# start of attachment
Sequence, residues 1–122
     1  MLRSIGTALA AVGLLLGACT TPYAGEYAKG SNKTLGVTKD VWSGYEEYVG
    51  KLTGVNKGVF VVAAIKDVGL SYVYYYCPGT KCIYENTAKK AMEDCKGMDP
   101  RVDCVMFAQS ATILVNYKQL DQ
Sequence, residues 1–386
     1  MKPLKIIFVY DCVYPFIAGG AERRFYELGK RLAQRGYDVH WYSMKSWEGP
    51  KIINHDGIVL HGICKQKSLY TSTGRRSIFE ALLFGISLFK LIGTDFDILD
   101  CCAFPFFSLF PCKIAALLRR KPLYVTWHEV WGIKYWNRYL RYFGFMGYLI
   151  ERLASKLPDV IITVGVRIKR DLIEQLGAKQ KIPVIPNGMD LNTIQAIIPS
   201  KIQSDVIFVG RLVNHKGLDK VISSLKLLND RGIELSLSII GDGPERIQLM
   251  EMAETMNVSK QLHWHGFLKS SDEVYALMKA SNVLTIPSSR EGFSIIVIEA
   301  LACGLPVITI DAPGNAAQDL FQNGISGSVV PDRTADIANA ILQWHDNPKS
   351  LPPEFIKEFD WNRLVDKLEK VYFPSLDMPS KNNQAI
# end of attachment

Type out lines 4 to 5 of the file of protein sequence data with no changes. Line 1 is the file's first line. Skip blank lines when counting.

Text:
   101  RVDCVMFAQS ATILVNYKQL DQ
Sequence, residues 1–386